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‘My teacher hates me!’

Boy unhappy at school
There are some things you never want to hear your child say, and when it comes to his education, “Mummy, my teacher doesn’t like me!” tops the list. So what can you do if your child insists the teacher thinks they’re bottom of the class? Sarah Ebner offers some advice.

Your child-teacher conflict action plan

  • Start by finding out more about why your child believes there is such a problem with their teacher. Don’t panic – it’s vital that you stay calm in order to try to help. You can’t just go rushing to school making accusations; you need to be properly prepared.
  • Give yourself time to chat through the problem with your child, and ask specific questions about what has happened and when. This will help reveal how serious the problem is, or if your child is overstating the facts a little (for example, they might not actually like the teacher, but that doesn’t mean they’re being treated badly). This is also important because, if something really serious is going on, you will need to arm yourself with proper evidence before you speak to the school.
  • Personality clashes can, and do, happen in the classroom, and they can prove to be particularly tricky in primary school because children have just one (or sometimes two) teachers each year. If the situation sounds salvageable, speak to the teacher about it first. Make sure you’re tactful, as Margaret Morrisey from Parents OutLoud recommends. “Suggest to the teacher that your child is struggling to form a relationship with them. Ask if they could try to keep an eye on what’s going on and for suggestions on how best to work it out. Don’t infer that it’s the teacher’s fault or accuse them; their defence will be that you don’t know what the child is like in the classroom. You need to be polite, but also to get to the bottom of it. You could always suggest meeting again in a few weeks to see how things have improved.”
  • If the situation is seriously affecting your child and you don’t think it would help to speak to the teacher, make an appointment to see the headteacher and make sure you bring your evidence to the meeting. The head’s responsibility is to work with your child and the teacher to sort out the problem if at all possible. Sometimes the whole thing is a misunderstanding, and the teacher is horrified when it is mentioned. Unfortunately, at other times, this is not the case. The headteacher can address this through discussions with the teacher, as well as lesson observations.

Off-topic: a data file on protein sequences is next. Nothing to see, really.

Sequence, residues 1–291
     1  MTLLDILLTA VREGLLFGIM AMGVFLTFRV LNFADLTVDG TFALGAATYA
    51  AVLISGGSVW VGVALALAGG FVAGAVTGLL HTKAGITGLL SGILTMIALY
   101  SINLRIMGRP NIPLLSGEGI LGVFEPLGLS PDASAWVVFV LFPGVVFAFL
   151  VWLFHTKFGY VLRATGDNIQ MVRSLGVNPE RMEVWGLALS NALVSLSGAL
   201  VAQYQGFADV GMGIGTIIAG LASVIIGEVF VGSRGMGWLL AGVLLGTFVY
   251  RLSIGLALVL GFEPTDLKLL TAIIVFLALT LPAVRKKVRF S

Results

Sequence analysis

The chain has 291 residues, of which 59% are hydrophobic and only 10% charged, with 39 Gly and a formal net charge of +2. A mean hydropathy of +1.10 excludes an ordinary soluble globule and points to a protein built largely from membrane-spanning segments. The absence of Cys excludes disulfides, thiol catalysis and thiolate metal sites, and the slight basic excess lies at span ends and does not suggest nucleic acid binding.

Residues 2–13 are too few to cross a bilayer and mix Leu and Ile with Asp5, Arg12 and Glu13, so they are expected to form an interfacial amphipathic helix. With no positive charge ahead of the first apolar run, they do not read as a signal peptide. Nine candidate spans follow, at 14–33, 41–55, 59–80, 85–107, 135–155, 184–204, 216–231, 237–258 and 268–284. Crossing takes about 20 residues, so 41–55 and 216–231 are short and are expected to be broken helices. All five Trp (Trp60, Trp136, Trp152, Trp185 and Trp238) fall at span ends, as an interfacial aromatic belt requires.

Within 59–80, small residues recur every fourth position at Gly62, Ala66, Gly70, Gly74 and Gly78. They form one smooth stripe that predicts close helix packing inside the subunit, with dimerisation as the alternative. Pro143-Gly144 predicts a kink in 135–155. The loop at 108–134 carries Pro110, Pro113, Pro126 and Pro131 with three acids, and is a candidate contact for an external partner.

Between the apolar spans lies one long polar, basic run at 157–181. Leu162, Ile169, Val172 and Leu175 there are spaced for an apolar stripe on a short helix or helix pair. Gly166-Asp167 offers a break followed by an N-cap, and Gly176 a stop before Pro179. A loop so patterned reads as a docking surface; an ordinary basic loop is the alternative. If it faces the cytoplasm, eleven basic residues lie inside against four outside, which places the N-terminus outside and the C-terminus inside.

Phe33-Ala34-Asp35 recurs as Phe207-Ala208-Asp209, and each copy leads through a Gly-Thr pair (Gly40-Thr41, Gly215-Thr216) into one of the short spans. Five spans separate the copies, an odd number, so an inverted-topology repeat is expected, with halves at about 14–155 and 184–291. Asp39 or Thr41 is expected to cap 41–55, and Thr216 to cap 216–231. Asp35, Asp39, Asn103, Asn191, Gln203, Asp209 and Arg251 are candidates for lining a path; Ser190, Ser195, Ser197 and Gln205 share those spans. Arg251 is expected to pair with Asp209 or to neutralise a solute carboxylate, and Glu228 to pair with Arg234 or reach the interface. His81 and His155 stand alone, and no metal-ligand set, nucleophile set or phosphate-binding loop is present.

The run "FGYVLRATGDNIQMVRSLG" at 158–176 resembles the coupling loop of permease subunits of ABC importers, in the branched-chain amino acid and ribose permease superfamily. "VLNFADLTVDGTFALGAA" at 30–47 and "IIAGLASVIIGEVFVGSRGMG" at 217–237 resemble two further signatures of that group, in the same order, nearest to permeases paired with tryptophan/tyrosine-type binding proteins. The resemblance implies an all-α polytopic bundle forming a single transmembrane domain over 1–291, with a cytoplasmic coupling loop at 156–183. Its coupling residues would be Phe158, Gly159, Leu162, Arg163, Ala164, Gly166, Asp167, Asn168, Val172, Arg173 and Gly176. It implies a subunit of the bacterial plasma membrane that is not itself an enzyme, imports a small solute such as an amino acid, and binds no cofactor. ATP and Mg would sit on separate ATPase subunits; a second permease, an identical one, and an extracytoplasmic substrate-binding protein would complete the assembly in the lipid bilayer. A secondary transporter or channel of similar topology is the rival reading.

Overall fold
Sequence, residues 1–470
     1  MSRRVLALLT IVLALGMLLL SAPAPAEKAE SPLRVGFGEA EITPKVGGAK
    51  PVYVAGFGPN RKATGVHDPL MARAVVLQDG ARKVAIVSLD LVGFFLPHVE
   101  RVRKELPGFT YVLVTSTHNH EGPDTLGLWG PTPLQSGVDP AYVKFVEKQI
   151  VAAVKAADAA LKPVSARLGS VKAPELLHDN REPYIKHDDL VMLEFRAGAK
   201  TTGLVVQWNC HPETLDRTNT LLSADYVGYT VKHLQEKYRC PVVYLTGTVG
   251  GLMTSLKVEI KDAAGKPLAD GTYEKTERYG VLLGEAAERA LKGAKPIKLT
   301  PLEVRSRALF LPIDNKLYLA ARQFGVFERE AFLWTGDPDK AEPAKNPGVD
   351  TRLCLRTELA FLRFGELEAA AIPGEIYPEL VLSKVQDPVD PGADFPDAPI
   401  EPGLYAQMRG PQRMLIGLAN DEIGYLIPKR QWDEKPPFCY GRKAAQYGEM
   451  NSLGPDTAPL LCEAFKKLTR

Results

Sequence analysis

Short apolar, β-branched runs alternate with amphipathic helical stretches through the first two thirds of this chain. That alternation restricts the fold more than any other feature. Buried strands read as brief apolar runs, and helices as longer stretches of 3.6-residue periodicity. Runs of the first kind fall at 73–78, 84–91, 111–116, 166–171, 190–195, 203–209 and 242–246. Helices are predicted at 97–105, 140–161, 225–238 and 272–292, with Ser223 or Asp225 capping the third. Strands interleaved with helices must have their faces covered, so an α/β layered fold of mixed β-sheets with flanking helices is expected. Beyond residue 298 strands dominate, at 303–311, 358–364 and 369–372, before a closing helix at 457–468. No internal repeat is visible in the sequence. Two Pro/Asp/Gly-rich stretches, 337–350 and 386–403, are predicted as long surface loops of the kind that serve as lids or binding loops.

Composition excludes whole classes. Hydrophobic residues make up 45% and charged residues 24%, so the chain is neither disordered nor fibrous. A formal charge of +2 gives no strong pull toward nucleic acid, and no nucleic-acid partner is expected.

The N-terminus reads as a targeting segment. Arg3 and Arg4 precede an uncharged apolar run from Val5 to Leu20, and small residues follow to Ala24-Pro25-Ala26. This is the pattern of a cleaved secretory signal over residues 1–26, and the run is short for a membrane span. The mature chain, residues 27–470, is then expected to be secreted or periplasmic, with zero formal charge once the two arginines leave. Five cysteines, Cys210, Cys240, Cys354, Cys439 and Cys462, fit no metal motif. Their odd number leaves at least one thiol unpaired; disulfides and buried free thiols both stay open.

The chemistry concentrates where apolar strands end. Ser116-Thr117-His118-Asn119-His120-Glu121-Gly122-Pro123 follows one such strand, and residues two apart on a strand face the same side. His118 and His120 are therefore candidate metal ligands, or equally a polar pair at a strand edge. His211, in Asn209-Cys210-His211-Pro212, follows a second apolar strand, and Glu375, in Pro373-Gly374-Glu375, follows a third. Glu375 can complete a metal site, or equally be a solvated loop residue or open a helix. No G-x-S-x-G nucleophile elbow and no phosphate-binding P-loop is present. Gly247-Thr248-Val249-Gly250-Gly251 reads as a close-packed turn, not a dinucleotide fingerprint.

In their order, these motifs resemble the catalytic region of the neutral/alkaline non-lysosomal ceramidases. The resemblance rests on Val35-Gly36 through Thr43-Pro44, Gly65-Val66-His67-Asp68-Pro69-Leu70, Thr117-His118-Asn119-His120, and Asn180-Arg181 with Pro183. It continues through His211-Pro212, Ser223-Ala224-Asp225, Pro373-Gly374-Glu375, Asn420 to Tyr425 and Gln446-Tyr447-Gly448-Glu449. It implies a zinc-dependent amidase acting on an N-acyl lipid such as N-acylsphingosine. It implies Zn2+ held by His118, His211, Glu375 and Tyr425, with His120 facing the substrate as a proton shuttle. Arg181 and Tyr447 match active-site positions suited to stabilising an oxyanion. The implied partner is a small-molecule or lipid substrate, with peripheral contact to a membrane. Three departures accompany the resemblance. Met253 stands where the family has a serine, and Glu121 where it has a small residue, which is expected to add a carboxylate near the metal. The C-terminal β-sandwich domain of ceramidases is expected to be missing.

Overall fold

• If your school is a two-form entry school, you could ask for your child to switch classes. Leaving the school altogether is not a brilliant solution as it could look like “running away”. Do try to see if the situation could be resolved in other ways.
  • Approach the school governors only if you feel there is nothing more the headteacher can do (or if you think they haven’t done enough). Contacting Ofsted is a much more serious last resort.

Uncover the real problem

Don’t forget to consider that sometimes children use the “my teacher hates me” line to cover up other challenges they’re facing. Yes, it could be a personality clash or a genuine example of bad teaching, but it could also be that your child is struggling in school or behaving badly. In other words, ask yourself some honest questions about your child’s school experience, and consider if there are any other issues (friendships, for example) which might be the real cause of their unhappiness.

Sarah Ebner is the author of The Starting School Survival Guide: everything you need to know when your child starts school.

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